3 Ways Businesses Can Amplify and Support Future Leaders

Today’s business leaders play an important role in developing and supporting future leaders, especially those from underrepresented groups.


Air Date: October 7, 2021

Moderator: Rick Wade, Senior Vice President of Strategic Alliances and Outreach, Julia Osagie, Senior Analyst, Management Consulting, Accenture, Latricia Boone, Vice President, U.S. Chamber of Commerce

Featured Guests: Brett J. Hart, President, United Airlines, Hana Admasse, Undergraduate Student, Howard University, Jada Bourne, Undergraduate Student, Howard University, Tyler Gray, Account Executive, Johnson & Johnson, Ethicon, Ryan Duff, Candidate for Juris Doctorate, Solomon Morgan, Undergraduate Student, Howard University, Alexandra Ozieh, Undergraduate Student, North Carolina A&T State University, Amari Phelps, Undergraduate Student, Alabama Agricultural and Mechanical University, Reana Wilson, Undergraduate Student, Clark Atlanta University

In 2020, the U.S. Chamber of Commerce launched its Next-Gen Business Partnership program, in which it partners with historically black colleges and universities, and minority-serving institutions, to promote diversity at every level of business.

This program exposes students to new career pathways, helps them learn about entrepreneurship, and encourages knowledge sharing among academics and leaders. The four main components of the Next-Gen Business Partnership include a competitive internship opportunity program, an executive speaker series, executive-level education opportunities to university faculty, and entrepreneurship development.

The Next-Gen Business Partnership program recently held a town hall event, Amplifying Young and Informed Voices, in which students from the program engaged in a robust dialogue on the challenges that American minorities face in the private sector. Based on that discussion, here’s how businesses can help uplift those voices and support future leaders.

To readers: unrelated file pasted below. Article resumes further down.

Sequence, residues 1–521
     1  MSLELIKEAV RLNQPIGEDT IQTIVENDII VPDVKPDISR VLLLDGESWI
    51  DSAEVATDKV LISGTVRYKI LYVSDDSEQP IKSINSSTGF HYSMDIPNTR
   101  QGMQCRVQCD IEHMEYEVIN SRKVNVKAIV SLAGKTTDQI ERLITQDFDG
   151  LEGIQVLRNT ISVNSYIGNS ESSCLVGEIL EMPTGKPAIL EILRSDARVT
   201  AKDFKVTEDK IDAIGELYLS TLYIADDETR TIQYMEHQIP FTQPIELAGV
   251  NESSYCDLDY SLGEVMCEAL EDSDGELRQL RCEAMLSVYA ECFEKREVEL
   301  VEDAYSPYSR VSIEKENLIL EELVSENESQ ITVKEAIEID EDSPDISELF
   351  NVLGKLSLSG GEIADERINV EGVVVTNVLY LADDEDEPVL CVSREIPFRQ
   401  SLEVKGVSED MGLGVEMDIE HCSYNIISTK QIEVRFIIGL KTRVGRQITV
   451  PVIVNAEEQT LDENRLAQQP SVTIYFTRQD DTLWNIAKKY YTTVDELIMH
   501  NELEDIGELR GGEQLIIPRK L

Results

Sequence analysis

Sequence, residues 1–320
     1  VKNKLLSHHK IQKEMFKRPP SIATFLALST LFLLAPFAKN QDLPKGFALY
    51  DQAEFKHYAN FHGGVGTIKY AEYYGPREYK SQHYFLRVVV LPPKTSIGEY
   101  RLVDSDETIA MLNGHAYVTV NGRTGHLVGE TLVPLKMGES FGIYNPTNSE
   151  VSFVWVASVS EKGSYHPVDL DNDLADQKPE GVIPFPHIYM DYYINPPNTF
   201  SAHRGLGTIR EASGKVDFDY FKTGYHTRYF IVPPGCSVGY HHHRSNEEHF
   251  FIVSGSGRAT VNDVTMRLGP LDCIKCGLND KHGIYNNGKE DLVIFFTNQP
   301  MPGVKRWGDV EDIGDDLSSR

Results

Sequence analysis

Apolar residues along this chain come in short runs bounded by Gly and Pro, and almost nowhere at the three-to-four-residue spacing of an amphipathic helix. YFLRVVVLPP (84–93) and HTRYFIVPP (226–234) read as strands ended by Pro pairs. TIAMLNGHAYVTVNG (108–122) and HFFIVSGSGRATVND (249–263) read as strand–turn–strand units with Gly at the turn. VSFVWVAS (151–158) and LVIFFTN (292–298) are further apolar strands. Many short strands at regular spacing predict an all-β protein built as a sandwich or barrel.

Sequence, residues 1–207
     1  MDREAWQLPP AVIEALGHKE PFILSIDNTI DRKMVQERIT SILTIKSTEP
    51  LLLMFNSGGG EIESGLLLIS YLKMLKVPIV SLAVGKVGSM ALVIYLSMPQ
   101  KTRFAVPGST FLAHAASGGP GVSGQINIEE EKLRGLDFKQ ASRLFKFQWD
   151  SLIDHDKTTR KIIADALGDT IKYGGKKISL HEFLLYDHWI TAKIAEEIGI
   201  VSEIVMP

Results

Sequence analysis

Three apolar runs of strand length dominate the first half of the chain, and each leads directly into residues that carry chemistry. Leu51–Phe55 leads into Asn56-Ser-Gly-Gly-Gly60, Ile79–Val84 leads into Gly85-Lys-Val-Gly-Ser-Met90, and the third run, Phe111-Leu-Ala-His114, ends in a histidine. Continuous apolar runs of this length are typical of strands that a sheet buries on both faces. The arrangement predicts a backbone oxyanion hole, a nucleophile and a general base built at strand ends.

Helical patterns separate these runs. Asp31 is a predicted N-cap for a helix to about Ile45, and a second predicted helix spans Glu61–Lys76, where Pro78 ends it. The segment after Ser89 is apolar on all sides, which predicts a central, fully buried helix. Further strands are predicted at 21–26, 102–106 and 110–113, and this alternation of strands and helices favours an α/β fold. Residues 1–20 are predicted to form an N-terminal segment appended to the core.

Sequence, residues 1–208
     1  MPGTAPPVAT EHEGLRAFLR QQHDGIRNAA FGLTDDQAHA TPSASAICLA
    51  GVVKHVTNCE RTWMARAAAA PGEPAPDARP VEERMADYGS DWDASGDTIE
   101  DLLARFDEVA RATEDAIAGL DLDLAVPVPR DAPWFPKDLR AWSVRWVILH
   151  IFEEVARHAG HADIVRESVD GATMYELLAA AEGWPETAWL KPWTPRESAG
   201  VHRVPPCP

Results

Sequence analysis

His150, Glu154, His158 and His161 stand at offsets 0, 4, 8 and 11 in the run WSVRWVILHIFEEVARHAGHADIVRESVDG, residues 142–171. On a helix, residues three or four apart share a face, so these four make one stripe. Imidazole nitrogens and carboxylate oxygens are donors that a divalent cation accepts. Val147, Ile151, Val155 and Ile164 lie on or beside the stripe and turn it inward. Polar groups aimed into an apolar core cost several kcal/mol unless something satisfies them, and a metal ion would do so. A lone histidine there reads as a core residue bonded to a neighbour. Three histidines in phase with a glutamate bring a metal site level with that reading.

Business Leaders Need to Be Mentors to Future Leaders

When discussing the current corporate landscape and how students and recent graduates can develop in it, the president of United Airlines, Brett J. Hart, stressed the importance of mentorship. He stated that students and entry-level employees need to seek out mentors and current leaders need to be open to being sponsors.

“Mentors tend to be people who can provide perspectives, help you through different situations and give you advice on your careers,” Hart said. “Within corporations you need sponsors. You need people who take a vested interest in your career and in your success in that organization … those are people who are going to go to bat [for you]; are going to close the door and say, ‘so-and-so deserves an opportunity and I stand by them and I will be there to help them develop.’”

One of the Greatest Barriers to Income Equality Is Generational Wealth

During the discussion with the Next-Gen Business Partnership scholars, the conversation sparked about what the systematic barriers for true wealthy quality are. Among the many reasons the scholars listed, one of the greatest obstacles was that of generational wealth and how minority families are generationally disadvantaged.

Both students and scholars agreed that legacy wealth remained one of the top systematic reasons for wealth inequality.

“People of color [and] Black families don't have access to things like land [or] property that can be passed down. [There’s no] inheritance business capital that we can pass onto our families,” said Jada Bourne, an undergraduate student at Howard University. “It's important to recognize that wealth is cumulative. So when you're always starting at a disadvantage, it's hard to catch up to people who have always been ahead.”

“That doesn't just mean, ‘I have more money in my pocket,’” added Tyler Gray, an account executive at Johnson & Johnson. “[It’s] relationships. That's opportunities. Money extends so much farther.”

Changes Must Be Made to Diversify Employees

During a discussion on education and employment, the panel of scholars suggested different ways on how businesses can work with HBCUs to diversify their workforces and alleviate unemployment.

Among the suggestions were more education, narrowing skills gaps to increase competitiveness, and companies physically being on campus. All the panelists agree that one of the most helpful ways businesses could adapt to change is by restructuring the job application, especially for those who commit misdemeanors and felonies.

“Companies, instead of looking at just what's on the paper, actually [need to] get to know the applicant,” said Amari Phelps, an undergraduate student at the Alabama Agricultural and Mechanical University. “Oftentimes, the outcome could be the person that has the top skillset or knows more than what everybody else knows, and can be a good asset to the company — but could be turned away just because of their previous criminal history.”


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